Should Adults Be Embarrassed To Read Young-Adult Books?
RACHEL MARTIN, HOST:
The books that you read can say a lot about who you are, or so goes the adage. So when a recent article in Slate criticized grown-ups for reading young adult fiction, both young and old took to social media to denounce its author. Ruth Graham, who wrote the article, joins us from her home in New Hampshire. Welcome to the program, Ruth.
RUTH GRAHAM: Thank you so much.
MARTIN: So let's get into some of the back-and-forth here. You wrote, in your piece, that adult readers, who now account for about half of all young adult fiction purchases, should be, in your words, embarrassed about reading literature for children. Now I myself am not a huge fan of YA, but that sounds a bit harsh. Embarrassed, really?
GRAHAM: There have been a few strains to the criticism. One says, you know, actually the best YA is much richer and more sophisticated than I give them credit for. And I think that's a totally valid argument to have, and that's a discussion that we can have.
But then there's this whole other strain of criticism that boils down to how dare you tell me what to read. And I guess I find that a little bit troubling. You know, the job of criticism is to make distinctions between good things and bad things and between complicated things and simplistic things. And, you know, in my - I'm making an argument that YA is more of a guilty pleasure.
MARTIN: There are a lot of books for adults, though, that are equally simplistic, not exactly intellectually complicated.
GRAHAM: Absolutely. And I would never say that, you know, all YA is on one side of that spectrum and all adult literature is on the other side. You know, "Huck Finn" - you could say...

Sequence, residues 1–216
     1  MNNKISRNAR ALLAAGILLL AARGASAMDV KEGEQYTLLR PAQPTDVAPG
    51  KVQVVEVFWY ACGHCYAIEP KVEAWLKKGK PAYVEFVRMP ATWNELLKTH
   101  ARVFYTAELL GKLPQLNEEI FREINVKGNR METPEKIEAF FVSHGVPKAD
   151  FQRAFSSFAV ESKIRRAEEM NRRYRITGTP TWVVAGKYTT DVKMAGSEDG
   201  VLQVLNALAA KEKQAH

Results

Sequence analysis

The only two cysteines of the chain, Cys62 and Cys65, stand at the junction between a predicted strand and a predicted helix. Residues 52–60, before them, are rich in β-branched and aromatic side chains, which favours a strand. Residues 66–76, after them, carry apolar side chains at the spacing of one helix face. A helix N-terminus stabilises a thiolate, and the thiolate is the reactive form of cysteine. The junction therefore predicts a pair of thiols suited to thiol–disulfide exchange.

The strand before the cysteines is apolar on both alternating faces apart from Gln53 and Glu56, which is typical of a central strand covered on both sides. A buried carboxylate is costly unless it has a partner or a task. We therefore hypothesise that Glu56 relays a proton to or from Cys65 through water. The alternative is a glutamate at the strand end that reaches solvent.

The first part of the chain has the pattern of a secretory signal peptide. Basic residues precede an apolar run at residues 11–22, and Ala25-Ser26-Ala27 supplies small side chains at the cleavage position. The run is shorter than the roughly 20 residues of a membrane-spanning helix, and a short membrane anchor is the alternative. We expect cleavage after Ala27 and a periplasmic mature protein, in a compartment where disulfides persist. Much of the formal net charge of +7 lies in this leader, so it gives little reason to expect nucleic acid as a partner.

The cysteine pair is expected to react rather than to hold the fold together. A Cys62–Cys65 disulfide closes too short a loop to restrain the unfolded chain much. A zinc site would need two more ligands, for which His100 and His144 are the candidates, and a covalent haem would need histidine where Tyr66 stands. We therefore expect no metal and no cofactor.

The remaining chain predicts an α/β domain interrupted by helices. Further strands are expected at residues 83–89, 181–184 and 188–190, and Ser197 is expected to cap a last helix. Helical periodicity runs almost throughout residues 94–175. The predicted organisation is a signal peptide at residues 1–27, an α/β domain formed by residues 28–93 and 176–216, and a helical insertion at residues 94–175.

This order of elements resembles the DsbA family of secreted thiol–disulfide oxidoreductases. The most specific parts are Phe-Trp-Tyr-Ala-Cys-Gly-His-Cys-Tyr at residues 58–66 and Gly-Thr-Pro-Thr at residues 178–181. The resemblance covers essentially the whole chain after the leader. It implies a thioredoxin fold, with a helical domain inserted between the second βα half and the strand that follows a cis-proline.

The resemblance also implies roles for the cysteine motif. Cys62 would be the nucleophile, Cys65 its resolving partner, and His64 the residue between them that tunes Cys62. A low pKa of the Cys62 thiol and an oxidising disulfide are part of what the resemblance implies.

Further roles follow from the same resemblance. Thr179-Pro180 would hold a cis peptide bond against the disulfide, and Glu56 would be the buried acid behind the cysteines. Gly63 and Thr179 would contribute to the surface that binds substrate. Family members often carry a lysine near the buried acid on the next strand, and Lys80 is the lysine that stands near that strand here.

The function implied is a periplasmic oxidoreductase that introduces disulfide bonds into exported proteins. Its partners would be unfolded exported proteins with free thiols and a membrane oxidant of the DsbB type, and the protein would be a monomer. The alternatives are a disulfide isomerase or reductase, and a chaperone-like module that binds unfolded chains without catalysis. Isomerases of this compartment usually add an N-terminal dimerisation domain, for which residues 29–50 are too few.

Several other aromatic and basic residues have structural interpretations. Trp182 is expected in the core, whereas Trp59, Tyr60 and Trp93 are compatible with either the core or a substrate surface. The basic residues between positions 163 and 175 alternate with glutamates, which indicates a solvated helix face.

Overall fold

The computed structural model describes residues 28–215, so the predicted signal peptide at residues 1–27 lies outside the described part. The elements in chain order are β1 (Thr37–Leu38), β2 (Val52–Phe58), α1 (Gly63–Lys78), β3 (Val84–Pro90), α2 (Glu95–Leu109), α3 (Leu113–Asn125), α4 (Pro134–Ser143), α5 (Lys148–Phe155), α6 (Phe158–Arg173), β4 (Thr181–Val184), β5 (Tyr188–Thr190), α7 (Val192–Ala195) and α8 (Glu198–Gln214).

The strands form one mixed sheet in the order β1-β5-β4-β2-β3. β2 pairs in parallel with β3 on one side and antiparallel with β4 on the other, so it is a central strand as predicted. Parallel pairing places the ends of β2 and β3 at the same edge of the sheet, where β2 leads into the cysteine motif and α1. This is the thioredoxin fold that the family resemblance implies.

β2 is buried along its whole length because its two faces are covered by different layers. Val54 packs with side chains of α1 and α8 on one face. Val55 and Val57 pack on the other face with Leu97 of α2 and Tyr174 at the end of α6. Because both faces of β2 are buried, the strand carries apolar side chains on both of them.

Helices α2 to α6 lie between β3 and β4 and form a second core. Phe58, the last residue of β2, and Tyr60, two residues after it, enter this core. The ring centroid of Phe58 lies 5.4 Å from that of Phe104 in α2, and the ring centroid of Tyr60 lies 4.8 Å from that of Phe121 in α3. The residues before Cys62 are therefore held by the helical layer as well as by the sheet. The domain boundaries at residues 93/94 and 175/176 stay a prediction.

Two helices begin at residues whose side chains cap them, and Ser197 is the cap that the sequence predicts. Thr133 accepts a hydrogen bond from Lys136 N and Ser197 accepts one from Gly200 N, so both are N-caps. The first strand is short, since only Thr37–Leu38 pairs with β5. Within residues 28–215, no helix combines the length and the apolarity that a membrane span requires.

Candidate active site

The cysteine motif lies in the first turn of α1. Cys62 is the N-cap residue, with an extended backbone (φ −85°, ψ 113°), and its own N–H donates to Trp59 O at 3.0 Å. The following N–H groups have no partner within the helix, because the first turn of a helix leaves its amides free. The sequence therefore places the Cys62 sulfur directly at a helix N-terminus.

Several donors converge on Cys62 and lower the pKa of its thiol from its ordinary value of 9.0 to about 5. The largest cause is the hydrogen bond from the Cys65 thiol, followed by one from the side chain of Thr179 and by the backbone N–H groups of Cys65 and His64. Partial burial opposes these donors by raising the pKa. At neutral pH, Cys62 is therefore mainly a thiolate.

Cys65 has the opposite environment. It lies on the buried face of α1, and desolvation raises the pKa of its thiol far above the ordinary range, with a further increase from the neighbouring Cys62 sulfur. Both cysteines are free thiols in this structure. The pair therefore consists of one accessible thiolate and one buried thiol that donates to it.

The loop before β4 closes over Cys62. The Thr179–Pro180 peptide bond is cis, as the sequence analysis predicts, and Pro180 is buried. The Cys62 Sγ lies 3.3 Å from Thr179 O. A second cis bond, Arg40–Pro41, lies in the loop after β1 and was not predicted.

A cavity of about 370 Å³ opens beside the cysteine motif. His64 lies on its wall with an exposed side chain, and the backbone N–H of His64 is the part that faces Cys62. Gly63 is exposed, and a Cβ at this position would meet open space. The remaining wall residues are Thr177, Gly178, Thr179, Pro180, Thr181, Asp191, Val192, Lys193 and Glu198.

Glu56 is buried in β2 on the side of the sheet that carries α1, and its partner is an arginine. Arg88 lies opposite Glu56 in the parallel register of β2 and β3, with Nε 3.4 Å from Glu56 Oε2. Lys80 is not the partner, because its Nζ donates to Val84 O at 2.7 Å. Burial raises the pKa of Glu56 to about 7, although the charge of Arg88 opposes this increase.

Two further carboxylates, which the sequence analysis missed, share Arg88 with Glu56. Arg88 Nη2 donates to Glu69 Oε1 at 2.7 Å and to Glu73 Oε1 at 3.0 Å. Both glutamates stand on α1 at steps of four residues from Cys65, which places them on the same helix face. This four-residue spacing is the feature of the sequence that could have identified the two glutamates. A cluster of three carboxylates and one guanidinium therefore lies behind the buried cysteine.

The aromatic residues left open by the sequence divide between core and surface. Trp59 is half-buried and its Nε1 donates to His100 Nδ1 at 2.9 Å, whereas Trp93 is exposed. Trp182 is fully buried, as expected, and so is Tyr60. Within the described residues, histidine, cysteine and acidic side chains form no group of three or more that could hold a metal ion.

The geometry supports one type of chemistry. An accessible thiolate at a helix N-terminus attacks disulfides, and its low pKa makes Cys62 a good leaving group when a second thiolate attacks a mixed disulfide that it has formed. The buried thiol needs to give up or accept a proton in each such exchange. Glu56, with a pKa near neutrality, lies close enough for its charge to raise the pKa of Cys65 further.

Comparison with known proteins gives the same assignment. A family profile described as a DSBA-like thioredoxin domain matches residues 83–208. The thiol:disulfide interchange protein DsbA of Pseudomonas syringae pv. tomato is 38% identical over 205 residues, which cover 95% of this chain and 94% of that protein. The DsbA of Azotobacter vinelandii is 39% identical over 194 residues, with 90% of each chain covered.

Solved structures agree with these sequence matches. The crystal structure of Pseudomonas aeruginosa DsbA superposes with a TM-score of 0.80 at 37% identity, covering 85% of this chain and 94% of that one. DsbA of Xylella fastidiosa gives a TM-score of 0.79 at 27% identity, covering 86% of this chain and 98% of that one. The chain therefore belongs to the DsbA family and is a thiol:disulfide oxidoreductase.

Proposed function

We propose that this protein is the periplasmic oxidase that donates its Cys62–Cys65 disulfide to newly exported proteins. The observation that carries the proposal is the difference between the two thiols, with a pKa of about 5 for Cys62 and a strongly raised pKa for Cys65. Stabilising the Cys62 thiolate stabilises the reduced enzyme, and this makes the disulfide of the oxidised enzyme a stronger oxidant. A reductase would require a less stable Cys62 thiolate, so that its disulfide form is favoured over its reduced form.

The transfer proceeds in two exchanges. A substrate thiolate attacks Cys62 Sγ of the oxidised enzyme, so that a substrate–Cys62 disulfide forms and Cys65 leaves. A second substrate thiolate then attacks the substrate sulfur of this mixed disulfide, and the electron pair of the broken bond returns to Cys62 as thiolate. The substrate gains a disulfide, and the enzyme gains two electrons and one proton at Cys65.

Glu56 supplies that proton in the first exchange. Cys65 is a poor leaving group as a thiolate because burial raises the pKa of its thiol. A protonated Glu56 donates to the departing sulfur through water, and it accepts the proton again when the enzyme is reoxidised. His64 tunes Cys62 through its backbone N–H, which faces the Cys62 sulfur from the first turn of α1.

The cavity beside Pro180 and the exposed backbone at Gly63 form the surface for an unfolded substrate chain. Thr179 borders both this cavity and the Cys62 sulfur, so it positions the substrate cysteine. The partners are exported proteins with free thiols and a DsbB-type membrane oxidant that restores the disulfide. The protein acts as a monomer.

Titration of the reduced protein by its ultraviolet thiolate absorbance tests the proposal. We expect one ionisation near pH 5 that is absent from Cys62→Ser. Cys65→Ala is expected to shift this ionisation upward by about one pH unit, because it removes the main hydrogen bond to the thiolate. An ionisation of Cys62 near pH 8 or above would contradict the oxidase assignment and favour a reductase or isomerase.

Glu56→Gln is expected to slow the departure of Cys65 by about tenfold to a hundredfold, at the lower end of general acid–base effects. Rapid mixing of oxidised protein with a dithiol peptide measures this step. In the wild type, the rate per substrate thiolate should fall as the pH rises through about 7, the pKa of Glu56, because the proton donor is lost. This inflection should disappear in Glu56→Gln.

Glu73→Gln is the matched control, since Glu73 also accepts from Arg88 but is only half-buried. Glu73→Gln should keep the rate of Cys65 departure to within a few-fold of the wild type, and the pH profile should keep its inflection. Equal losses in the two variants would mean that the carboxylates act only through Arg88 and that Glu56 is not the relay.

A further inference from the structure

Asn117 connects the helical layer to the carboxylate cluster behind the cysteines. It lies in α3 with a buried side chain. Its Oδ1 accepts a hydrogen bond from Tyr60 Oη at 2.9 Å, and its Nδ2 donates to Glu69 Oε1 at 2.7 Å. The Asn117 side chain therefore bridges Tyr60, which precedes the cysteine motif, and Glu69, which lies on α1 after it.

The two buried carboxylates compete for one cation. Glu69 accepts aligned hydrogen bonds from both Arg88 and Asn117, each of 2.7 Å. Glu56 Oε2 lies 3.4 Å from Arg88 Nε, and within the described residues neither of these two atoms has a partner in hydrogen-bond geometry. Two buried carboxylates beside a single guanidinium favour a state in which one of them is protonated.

GRAHAM: ...Is YA.
MARTIN: "Catcher In The Rye."
GRAHAM: Exactly. But in general - the two that I focused on the piece because they're the two that have gotten the most attention in the last year or so - one is "The Fault In Our Stars," which - obviously, the movie opened this weekend. And then "Eleanor and Park," which is realistic fiction - a teen love story. And they were perfectly pleasurable to read, I guess. But I - it was obvious to me they were written for it teenagers. I'll put it that way.
MARTIN: You must have held this idea for a while, as someone who is in this world. What provoked you, though, to write the piece at this moment?
GRAHAM: I don't know. It's just sort of been brewing - this idea that all reading is equal. And I know, you know, that's maybe not a popular idea to dispute, at this point. But a lot of people have sort of said, well, it's rude to suggest that certain books are more sophisticated than the other ones. And I should just be happy that anyone is reading anything. To me, that feels a little bit sad. And I just, you know - I guess I do kind of want to push back against the idea that a book is a book, is a book, is a book.
MARTIN: Ruth Graham is a freelance journalist who lives in New Hampshire. Her piece on young adult books appeared in slate.com this past week. Thanks so much for speaking with us.
GRAHAM: Thank you.
NPR transcripts are created on a rush deadline by an NPR contractor. This text may not be in its final form and may be updated or revised in the future. Accuracy and availability may vary. The authoritative record of NPR’s programming is the audio record.